Not drinking the Kool-Aid: Why it’s important to be yourself[MAMA AMIA! Surviving Japan]

ママ・アミアSurvivingJapan LIFESTYLE

A message of all foreigners living in Japan: From Mama Amia
A survival column to you in Japan–those working so hard, trying, sometimes succeeding and other times not–words of encouragement along with a strict “buck up” from your home-away-from-home mother-figure. Mama Amia shares everything from mental health survival tips to how to take out the trash. Come back to this column regularly for your virtual check-up. (Japanese readers welcome as well!)
Today She is talking about “Not drinking the Kool-Aid: Why it’s important to be yourself”.

Many of you weren’t born in 1978 when Jim Jones, a cult leader in Jonestown, Guyana, led his followers to a mass suicide (more than 900) convincing them to drink what was thought to be Kool-Aid laced with cyanide. That’s what sparked the saying “he drank the Kool-Aid” to identify those who stopped being themselves, doing something solely because others thought it was right. I’m here today to tell you this: You don’t have to drink the Kool-Aid.

What I mean is this. In Japan, with its culture of rules and expectations, foreigners stand out and any type of “bad behavior” is noted and discussed publicly. There’s an argument to be made about following rules and for the most part I agree with this and encourage you to do so. If, however, it comes at the expense of denying your true self, then no. I say this because I’m guilty of this, too. For so long, it was instilled in me to behave “appropriately”, following Japanese social and cultural norms TO THE T, I did things that weren’t healthy. I drank the Kool-Aid. I did what was expected and at an expense to my health. Don’t do this. Please don’t do this.

Case in point. If you end up going to a doctor or a hospital and what’s being done or said just doesn’t make sense, get out and go elsewhere. There’s no need to stay and follow instructions for the sake of not upsetting the doctor, because you’d hurt their feelings by getting a second opinion, because switching hospitals isn’t the norm (whereas following instructions is).

Another point. Drinking to excess because your end-of-year parties (bo-nenkai) go late and saying “no thanks” to another beer is seen as not being one of the gang.

Another point. Putting up with power, sexual, or gender harassment because in Japan there seem to be fewer options for filing complaints, or that there would be consequences to your career.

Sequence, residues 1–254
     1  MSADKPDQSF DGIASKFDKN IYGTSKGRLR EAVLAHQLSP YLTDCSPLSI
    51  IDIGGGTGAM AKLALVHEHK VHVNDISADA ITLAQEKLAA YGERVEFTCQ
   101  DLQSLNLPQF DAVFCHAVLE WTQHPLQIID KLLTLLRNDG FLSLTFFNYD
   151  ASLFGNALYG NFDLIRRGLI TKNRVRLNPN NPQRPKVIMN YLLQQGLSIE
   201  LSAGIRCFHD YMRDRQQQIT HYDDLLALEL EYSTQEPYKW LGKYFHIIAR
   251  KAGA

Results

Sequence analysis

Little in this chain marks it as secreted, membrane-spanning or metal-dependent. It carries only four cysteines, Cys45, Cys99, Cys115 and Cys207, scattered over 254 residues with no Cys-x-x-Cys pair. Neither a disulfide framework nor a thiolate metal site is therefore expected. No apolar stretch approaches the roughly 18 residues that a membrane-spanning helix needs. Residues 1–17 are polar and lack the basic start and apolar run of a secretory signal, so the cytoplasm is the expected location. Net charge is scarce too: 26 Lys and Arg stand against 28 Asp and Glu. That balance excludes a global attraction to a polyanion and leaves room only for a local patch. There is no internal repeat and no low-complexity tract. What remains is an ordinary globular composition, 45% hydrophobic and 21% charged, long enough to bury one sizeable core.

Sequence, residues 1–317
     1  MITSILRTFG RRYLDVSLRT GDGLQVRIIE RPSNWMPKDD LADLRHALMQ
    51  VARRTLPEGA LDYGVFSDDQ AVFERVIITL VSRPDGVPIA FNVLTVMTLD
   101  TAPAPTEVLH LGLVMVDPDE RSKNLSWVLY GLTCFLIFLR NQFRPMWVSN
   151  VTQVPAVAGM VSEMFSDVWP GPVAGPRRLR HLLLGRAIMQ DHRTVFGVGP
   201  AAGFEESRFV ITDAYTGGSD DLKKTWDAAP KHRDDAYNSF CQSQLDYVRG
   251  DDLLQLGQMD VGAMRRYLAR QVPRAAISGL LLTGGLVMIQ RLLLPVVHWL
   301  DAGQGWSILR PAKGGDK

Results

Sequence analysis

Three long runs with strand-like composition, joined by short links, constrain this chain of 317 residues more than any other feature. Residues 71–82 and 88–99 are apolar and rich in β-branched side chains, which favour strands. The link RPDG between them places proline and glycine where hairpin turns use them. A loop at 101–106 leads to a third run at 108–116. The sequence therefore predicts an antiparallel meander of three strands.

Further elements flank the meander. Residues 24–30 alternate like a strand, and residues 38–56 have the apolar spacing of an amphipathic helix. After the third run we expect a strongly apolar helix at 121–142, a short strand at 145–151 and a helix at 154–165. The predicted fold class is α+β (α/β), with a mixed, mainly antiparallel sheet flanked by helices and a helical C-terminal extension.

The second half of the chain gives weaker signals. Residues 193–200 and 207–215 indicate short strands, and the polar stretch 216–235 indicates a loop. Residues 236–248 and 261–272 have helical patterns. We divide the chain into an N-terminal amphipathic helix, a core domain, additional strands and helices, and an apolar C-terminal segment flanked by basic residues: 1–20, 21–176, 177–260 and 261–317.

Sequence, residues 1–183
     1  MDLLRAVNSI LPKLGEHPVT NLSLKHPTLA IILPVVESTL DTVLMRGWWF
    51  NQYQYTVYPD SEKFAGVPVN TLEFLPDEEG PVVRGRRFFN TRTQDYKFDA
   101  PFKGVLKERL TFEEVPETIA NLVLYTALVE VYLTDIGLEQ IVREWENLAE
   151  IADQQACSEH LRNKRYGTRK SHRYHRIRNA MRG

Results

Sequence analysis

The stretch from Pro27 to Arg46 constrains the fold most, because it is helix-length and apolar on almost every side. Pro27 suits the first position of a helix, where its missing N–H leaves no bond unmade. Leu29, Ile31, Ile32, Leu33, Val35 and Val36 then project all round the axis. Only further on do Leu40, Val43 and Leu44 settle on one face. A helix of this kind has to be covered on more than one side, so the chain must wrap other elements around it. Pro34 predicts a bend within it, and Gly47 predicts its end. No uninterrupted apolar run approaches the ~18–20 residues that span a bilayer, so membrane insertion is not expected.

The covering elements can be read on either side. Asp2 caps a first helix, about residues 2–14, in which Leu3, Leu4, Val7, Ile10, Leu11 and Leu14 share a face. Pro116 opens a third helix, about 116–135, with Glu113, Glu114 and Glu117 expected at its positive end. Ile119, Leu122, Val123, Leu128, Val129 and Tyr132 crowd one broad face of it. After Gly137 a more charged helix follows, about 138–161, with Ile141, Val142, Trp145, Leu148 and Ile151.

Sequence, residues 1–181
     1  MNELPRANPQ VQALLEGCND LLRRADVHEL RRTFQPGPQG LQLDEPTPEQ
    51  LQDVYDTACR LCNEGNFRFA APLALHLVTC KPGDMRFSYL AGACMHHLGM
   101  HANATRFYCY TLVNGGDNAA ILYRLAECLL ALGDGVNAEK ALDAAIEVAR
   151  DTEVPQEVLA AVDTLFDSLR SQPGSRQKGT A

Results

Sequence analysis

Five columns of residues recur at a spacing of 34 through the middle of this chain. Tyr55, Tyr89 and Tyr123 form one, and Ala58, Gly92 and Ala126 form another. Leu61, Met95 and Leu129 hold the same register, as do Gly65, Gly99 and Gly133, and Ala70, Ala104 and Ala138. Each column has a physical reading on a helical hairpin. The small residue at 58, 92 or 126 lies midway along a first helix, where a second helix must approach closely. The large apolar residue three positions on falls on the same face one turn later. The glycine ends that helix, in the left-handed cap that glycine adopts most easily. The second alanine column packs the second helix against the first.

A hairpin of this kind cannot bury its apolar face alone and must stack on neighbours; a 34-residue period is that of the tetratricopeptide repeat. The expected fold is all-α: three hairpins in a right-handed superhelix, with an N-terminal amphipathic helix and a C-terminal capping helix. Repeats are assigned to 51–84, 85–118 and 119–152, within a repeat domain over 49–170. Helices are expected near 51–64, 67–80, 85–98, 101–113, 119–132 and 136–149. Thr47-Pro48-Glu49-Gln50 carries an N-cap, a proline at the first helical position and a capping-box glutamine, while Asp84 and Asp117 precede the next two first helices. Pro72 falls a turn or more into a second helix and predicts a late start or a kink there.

You are you. Your health, your happiness, and your ability to stay on top of things shouldn’t be something you have to give up because you’re foreign and under more scrutiny or because you’re foreign and you’re expected to fit in to the ways of Japan. There are things that are universally wrong. Drinking the Kool-Aid shouldn’t be an expectation you have to put up with because you’re away from home and feel vulnerable, unsure, or because you’re pressured to be someone you’re not.


Regret is an ugly beast. It’s hard to shed. It leads to guilt which is equally intense and can send you down into a spiral of negativity. Be you. Be smart. Don’t go around breaking rules just to prove a point, but don’t get beaten up because you’re in an environment where Kool-Aid drinking is part of fitting in.

Yes, it’s tough. But, more so, the ability to know when it’s okay to say “no” is a skill that will serve you well throughout the rest of your life. No Kool-Aid. Ever.

ママ・アミア(MAMA AMIA)

別名「Pie Queen」。ハードなボランティア活動で心が疲弊していたある日、故郷の食べ物——バターと砂糖が焼けるパイの香りに癒やされることに気づき、パイの販売を始める。2019年より「ママ・アミア」の名で活動開始。日本在住外国人のママとして元気を発信中。相撲が大好き。

Food consultant/Talent. American born and raised in Japan. Returned to the US at age 18 for university, and continued on as an interpreter and US-Japan consultant. Came back to Japan in 2011 to volunteer in the aftermath of the Tohoku disaster and stayed on in Rikuzentakata (Iwate Prefecture) for seven years. Raised funds, liaised with major international media outlets for coverage of the city and region. One of the primary sources of information on the disaster region for foreigners. Recognized and awared by the Governor of Iwate in 2014 and the Consul General of the Japanese Consulate of San Francisco in 2018 for the work and dedication to promoting awareness. Also known as the PieQueen. Found the scent of baked goods was both food for the soul as well as emotionally therapeutic, she began a business selling American-style pies. Working as Mama Amia as of 2019 promoting cooking and baking using traditional Japanese ingredients and offering advice to foreigners in Japan as "your mother in Tokyo". Big fan of sumo.